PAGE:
With a "blowout" year in real estate and other busy practice areas, net income at Munsch Hardt Kopf & Harr improved by 15.8 percent in 2015 compared with 2014, and gross revenue increased by 2.6 percent.
Phil Appenzeller, chief executive officer of the Dallas-based firm, said in addition to one of the best years ever for real estate, corporate transactions work was up as well in 2015, and bankruptcy and restructuring gained momentum about midyear. He said litigation was stable for the year after the firm lost a few lawyers early in the year who were not replaced, which "gave opportunity for all of the litigators to get busy."
Overall, Appenzeller said, it was a very good year for the firm, which marked its 30th anniversary in 2015.
"Really, all four cylinders of the firm began firing at once," he said in reference to real estate, corporate transactions, bankruptcy and restructuring, and litigation.
The firm's net income was $22 million for 2015 compared with $19 million in 2014, and gross revenue hit $60 million compared with $58.5 million the year before. Profits per partner averaged $600,000 in 2015, a 7.1 percent increase from $560,000 in 2014 and revenue per lawyer averaged $560,000, up 5.7 percent compared with $530,000 the year before.
The decline in the price of oil did not affect Munsch Hardt much, he said, because the firm's energy group in Houston primarily consists of litigators, and bad times in energy result in more litigation and bankruptcy work.
"We haven't been into the energy deals side, so the deals that dried up really didn't affect us," he said.
Appenzeller said the firm's hospitality group worked on various hotel and hospitality deals in 2015 valued at more than a billion dollars. The bankruptcy group also represents ERCOT (the Electric Reliability Council of Texas) in the Energy Future Holdings bankruptcy, and the creditor's committee in the Life Partners Holdings bankruptcy. The firm also represented the principal landowner of the Fort Worth Stockyards in a joint venture agreement, he said.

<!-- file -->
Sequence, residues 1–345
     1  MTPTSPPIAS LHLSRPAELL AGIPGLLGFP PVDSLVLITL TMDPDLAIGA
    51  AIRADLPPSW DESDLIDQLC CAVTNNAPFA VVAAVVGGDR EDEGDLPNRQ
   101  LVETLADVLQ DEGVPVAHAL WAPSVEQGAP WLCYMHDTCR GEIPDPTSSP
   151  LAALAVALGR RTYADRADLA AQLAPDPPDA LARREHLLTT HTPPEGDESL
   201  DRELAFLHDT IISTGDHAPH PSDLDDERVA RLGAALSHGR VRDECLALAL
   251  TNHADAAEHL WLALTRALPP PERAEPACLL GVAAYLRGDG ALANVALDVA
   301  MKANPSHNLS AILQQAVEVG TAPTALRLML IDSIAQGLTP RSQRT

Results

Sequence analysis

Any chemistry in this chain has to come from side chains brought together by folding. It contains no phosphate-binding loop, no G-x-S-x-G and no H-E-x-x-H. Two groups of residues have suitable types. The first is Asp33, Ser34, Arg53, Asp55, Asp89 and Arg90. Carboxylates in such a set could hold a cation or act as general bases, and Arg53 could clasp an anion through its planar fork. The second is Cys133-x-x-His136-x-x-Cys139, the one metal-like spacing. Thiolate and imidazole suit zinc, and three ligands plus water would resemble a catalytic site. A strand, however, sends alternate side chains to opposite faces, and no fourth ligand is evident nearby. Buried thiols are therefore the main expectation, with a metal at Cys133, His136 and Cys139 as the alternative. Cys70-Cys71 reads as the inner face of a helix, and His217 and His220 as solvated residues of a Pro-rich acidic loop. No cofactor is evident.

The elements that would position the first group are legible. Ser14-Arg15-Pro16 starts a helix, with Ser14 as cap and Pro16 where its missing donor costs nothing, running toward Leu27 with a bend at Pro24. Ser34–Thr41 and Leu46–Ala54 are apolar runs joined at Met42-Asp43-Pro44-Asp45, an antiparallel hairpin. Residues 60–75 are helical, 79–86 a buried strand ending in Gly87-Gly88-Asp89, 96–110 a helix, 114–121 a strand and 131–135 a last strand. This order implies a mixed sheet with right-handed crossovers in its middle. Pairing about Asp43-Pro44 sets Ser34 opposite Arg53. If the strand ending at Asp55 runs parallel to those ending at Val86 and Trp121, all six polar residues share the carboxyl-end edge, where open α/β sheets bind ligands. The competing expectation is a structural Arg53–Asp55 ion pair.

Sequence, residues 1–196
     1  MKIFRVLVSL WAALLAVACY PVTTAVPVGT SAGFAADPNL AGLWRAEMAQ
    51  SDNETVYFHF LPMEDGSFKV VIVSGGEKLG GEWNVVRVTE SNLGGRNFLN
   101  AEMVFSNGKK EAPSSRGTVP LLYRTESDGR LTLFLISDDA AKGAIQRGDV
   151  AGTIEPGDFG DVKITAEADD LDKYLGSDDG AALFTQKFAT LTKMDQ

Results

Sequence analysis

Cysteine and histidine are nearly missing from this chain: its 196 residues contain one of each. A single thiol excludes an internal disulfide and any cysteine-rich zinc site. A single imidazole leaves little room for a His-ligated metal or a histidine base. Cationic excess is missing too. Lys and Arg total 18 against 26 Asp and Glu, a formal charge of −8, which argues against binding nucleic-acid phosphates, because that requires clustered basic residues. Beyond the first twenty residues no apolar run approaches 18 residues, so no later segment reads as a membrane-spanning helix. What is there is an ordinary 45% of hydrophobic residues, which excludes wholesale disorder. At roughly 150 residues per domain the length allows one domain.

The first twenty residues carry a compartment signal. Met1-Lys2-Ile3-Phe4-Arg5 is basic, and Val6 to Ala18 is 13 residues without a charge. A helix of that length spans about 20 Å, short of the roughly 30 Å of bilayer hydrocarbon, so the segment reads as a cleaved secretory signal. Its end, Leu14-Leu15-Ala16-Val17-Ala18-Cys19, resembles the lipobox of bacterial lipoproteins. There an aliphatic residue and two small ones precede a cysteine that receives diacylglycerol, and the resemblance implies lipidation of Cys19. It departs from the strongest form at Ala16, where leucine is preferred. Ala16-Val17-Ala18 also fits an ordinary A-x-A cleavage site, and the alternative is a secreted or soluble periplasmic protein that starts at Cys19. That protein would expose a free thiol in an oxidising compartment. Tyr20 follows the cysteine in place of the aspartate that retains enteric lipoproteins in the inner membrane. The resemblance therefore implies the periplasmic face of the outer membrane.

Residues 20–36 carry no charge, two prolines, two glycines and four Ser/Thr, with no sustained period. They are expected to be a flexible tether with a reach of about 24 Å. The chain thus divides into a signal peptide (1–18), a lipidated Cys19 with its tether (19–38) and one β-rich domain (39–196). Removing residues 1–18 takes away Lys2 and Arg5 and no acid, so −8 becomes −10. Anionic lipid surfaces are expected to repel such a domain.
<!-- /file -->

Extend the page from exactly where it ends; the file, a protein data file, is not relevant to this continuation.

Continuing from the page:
On the expense side, Appenzeller said the firm has been tightening its belt, for instance, by not filling some support positions that opened up when employees retired or left the firm.
In 2015, the firm had a full-time equivalent (FTE) of 107 lawyers, down 2.7 percent when compared with an FTE of 110 in 2014. The firm had an FTE of 75 partners in 2015 compared with an FTE of 81 the year before.
Munsch Hardt's strong financial performance in 2015 follows a year when gross revenue and net income also improved, but by smaller percentage increases.
Editor's note: This report is part of Texas Lawyer's coverage of the 2015 financial results of the 25 highest-grossing Texas-based firms as part of the Am Law 100 and Second Hundred reports. Texas Lawyer will publish its annual report on firm finance on May 2. The American Lawyer, a Texas Lawyer affiliate, will publish full results for The Am Law 100 in May. The Am Law Second Hundred will be published in June.
By: Brenda Sapino Jeffreys